Adding Ambient Occlusion to light-map-maker node

I would like it if World Machine had ambient occlusion built into the light-map-maker node, or as a separate node, since currently making AO within WM requires very long build times, and it requires many light-map-makers to build. If WM had AO within, it would save quite a lot of time and be useful for things such as rendering.

That’s pretty easy to do in the target rendering apps, isn’t it? For example, in blender you literally just have to add an ambient occlusion node in the shader.

World machine is a terrain modelling app. A crevice map would be more useful, which can be further edited into an AO map as well. Otherwise, these things are easier to implement in the final renderer. Or even better, in post.

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I agree that World Machine’s primary focus is the creation of terrain, but being able to directly have a good render of your terrain without the need to export it would be a massive workflow boost, as it allows for easy and fast sharing of concepts without the need for a 3rd party application but still having a somewhat decent render.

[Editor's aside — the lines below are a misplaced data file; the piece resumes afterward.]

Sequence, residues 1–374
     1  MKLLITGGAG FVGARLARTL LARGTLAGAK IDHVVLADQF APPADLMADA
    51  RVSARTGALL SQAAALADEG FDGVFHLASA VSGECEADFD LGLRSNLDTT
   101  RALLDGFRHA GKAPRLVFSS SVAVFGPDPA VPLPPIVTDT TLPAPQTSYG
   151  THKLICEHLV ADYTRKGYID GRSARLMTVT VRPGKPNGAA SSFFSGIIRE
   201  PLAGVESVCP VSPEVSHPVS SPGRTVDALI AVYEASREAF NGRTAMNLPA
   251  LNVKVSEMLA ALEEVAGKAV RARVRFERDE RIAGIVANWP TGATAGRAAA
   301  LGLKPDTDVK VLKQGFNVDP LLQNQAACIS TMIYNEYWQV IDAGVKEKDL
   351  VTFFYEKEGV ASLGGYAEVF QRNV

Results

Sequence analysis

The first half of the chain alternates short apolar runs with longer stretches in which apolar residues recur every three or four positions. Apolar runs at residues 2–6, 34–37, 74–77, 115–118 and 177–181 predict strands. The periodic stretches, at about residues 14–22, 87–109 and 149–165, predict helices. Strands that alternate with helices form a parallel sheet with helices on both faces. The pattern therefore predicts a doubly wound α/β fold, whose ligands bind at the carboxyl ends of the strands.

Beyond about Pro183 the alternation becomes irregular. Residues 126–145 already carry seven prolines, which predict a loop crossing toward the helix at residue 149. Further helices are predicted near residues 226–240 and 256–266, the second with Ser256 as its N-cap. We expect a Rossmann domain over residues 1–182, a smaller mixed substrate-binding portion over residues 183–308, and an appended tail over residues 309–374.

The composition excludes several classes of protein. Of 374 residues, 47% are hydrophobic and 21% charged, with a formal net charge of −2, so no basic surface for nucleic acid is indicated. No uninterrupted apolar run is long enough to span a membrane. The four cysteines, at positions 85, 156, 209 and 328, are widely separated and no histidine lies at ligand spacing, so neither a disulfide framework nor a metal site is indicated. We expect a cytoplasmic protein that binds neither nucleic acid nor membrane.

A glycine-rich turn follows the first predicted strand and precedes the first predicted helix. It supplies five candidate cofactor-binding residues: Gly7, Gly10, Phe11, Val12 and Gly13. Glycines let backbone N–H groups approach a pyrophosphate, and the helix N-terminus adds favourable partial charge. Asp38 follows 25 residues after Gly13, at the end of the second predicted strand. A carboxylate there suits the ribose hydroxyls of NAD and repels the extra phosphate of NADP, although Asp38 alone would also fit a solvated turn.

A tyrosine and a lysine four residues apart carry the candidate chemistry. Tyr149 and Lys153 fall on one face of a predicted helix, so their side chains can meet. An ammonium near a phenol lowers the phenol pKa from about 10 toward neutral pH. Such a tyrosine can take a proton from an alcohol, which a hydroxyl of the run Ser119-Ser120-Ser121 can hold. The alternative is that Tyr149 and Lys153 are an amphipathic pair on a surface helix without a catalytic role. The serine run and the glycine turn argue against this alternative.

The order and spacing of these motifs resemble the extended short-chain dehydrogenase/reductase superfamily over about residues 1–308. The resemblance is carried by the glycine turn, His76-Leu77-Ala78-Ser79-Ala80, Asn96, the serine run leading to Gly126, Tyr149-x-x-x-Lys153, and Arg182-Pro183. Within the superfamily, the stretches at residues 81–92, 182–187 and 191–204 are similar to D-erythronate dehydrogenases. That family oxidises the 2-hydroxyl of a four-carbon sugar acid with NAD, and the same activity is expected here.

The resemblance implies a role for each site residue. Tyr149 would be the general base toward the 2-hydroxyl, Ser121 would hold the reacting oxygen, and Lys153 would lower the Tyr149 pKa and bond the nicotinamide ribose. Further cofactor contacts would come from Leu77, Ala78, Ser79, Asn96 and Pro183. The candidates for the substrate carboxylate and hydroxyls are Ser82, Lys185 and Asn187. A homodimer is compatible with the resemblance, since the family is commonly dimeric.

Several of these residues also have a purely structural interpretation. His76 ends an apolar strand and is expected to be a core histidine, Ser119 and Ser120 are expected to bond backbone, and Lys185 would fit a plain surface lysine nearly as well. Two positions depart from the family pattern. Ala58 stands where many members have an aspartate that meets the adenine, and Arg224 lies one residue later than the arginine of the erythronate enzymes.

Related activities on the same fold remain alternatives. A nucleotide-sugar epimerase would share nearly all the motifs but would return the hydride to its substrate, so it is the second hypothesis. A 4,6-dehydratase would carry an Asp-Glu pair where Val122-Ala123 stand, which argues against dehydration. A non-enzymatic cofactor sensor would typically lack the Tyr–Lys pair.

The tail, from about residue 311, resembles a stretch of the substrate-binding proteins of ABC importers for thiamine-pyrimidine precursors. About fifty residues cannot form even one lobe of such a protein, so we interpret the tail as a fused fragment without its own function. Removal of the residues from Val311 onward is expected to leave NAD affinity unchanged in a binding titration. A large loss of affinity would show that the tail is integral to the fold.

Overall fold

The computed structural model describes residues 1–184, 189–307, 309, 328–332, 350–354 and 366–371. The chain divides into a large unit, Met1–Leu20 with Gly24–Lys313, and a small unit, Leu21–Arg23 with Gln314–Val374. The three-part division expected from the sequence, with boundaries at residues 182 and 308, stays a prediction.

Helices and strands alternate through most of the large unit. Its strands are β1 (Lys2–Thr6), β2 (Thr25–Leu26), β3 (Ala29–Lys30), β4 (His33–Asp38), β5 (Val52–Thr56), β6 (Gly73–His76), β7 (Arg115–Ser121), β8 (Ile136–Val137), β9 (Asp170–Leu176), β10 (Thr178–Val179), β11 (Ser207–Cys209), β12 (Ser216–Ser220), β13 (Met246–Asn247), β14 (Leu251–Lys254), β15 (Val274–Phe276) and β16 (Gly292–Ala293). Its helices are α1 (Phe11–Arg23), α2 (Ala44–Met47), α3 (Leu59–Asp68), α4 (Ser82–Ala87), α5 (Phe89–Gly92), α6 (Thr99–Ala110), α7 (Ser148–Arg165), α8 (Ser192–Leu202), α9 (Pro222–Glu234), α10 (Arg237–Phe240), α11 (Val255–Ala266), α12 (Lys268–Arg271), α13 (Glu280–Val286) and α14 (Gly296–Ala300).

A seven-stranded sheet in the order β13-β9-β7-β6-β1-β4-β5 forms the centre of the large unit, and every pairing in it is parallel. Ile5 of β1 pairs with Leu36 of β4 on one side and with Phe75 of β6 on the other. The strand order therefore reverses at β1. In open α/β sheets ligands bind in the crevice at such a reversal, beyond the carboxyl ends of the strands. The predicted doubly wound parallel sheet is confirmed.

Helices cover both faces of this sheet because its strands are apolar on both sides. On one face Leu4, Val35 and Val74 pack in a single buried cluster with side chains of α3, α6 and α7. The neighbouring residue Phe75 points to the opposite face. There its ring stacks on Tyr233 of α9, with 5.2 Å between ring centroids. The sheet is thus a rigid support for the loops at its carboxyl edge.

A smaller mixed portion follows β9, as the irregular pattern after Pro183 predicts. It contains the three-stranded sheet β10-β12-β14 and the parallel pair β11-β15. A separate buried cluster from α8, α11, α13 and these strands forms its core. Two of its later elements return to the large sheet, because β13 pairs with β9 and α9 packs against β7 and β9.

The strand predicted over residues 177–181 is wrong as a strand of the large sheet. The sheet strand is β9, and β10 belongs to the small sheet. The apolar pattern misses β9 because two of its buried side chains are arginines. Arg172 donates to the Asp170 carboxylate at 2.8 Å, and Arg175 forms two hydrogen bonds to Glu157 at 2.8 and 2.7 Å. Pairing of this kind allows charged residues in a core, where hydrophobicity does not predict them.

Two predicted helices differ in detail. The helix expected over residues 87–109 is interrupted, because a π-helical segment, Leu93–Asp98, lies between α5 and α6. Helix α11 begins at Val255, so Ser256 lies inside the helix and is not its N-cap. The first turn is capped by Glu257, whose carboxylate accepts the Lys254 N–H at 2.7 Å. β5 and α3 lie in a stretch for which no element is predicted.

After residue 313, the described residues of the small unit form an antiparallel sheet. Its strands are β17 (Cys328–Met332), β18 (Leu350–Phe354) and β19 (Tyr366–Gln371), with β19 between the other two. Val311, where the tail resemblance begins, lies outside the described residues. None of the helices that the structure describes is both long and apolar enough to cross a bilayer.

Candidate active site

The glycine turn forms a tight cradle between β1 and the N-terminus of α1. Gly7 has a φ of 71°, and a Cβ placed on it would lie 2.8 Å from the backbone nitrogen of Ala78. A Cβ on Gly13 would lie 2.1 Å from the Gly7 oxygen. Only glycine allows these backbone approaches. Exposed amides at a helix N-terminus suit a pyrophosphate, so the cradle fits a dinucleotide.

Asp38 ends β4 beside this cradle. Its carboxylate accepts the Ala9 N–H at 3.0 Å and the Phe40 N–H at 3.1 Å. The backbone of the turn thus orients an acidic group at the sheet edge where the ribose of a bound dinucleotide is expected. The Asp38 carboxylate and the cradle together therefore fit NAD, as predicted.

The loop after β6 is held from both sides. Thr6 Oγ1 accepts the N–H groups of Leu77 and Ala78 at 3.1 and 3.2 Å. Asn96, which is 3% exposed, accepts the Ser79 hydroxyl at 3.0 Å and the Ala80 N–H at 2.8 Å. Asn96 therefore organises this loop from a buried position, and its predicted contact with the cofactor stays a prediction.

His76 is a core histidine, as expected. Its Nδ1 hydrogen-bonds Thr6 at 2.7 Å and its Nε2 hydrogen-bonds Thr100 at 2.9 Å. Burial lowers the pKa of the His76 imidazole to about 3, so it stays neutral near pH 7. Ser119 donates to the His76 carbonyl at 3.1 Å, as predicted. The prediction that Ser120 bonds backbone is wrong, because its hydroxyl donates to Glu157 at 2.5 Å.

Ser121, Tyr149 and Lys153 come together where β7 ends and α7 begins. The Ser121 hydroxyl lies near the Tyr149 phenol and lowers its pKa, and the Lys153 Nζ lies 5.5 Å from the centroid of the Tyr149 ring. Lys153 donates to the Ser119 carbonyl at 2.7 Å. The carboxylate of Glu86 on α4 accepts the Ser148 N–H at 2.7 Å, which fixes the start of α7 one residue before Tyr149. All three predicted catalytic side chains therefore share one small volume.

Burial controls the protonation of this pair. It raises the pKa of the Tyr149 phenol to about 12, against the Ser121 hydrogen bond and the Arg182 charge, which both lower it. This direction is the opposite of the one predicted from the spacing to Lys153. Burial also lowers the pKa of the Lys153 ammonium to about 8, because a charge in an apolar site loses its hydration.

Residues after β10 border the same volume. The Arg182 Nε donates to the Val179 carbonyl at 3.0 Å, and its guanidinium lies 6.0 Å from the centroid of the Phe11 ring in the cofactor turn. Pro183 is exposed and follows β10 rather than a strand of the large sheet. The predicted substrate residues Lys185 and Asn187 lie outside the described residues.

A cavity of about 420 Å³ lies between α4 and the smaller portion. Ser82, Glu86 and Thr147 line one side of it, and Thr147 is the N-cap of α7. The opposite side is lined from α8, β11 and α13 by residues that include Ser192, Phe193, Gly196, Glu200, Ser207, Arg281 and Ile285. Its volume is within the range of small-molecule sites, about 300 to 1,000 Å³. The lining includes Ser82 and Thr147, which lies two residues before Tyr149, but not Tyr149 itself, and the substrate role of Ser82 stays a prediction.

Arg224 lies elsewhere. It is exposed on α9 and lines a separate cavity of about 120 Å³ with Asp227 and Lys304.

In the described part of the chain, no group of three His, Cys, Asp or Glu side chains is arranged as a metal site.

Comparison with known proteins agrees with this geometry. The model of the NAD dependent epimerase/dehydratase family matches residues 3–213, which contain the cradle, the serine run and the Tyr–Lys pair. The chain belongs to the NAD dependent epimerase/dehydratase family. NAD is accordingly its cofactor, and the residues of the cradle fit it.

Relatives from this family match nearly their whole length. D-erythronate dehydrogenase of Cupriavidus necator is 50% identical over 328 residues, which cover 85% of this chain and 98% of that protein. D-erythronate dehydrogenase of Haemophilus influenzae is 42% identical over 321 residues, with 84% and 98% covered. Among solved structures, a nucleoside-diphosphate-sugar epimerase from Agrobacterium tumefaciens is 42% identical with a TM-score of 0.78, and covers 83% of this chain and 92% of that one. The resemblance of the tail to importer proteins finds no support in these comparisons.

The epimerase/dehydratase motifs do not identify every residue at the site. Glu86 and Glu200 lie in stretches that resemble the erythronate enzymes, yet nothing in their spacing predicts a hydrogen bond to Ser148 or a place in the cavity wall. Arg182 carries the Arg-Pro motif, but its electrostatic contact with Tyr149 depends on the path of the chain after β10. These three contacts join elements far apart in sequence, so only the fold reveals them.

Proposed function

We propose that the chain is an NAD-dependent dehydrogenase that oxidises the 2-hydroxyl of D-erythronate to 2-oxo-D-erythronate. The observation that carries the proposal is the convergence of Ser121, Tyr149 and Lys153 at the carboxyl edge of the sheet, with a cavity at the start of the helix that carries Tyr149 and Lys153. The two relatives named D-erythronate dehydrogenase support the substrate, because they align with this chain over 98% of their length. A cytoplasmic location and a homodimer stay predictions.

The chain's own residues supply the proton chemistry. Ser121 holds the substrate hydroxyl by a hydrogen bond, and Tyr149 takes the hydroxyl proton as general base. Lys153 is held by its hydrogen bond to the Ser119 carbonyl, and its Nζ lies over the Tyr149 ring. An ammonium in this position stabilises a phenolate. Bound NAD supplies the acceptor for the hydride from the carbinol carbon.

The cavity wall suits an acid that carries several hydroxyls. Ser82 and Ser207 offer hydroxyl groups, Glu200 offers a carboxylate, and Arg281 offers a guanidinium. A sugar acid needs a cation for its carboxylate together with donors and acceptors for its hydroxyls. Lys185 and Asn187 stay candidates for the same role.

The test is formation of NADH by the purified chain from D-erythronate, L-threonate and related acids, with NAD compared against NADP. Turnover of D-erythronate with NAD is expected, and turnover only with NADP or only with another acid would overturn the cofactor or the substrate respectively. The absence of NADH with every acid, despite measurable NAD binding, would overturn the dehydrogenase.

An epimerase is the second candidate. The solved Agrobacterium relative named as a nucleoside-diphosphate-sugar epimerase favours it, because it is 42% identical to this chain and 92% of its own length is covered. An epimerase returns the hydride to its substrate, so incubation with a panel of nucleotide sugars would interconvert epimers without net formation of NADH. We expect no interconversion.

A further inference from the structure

The Light-Map Maker device does a really good job but indeed falls short when coming to AO, which would be nice for small details like rocks, giving that little “umpf” to your render’s realism.

A workaround would be to lower the resolution of the now required Light-Map Maker devices, to save CPU power and RAM.

I do like the idea of being able to calculate an AO map in WM! Most likely as an extension to the Lightmap maker. It can be really handy to calculate with the asset, whether for final results or even just for look development within WM, to get a better sense of what your final results will look like while in WM.

With that said, since AO can often be created in the next stage of your pipeline, it’s tough call whether it makes sense to dedicate effort to creating it in WM when that effort is mostly duplicitous of your render stage…

You can create a crevices/AO-ish map by using the Convexity selector (often with a blurred input) to pick out recessed detail.

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IMHO not needed. Rendering is better to do in applications meant for rendering. For env art some raytracer.